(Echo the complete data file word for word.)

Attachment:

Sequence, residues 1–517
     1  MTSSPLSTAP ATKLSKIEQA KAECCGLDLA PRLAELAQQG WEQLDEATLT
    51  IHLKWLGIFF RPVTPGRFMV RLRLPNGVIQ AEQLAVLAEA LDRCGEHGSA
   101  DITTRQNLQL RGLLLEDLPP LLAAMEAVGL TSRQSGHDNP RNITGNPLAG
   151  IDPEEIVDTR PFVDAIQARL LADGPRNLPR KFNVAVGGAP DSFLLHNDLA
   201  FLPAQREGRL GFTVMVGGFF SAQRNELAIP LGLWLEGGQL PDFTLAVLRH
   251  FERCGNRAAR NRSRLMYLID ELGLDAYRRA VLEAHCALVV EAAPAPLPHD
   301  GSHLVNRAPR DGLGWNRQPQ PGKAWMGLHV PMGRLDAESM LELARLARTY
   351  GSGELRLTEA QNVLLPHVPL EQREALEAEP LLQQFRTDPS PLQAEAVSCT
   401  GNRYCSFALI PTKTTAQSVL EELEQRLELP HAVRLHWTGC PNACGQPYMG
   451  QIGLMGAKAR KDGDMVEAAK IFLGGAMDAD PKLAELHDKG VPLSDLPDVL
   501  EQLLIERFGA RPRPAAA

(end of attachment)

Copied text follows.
Sequence, residues 1–517
     1  MTSSPLSTAP ATKLSKIEQA KAECCGLDLA PRLAELAQQG WEQLDEATLT
    51  IHLKWLGIFF RPVTPGRFMV RLRLPNGVIQ AEQLAVLAEA LDRCGEHGSA
   101  DITTRQNLQL RGLLLEDLPP LLAAMEAVGL TSRQSGHDNP RNITGNPLAG
   151  IDPEEIVDTR PFVDAIQARL LADGPRNLPR KFNVAVGGAP DSFLLHNDLA
   201  FLPAQREGRL GFTVMVGGFF SAQRNELAIP LGLWLEGGQL PDFTLAVLRH
   251  FERCGNRAAR NRSRLMYLID ELGLDAYRRA VLEAHCALVV EAAPAPLPHD
   301  GSHLVNRAPR DGLGWNRQPQ PGKAWMGLHV PMGRLDAESM LELARLARTY
   351  GSGELRLTEA QNVLLPHVPL EQREALEAEP LLQQFRTDPS PLQAEAVSCT
   401  GNRYCSFALI PTKTTAQSVL EELEQRLELP HAVRLHWTGC PNACGQPYMG
   451  QIGLMGAKAR KDGDMVEAAK IFLGGAMDAD PKLAELHDKG VPLSDLPDVL
   501  EQLLIERFGA RPRPAAA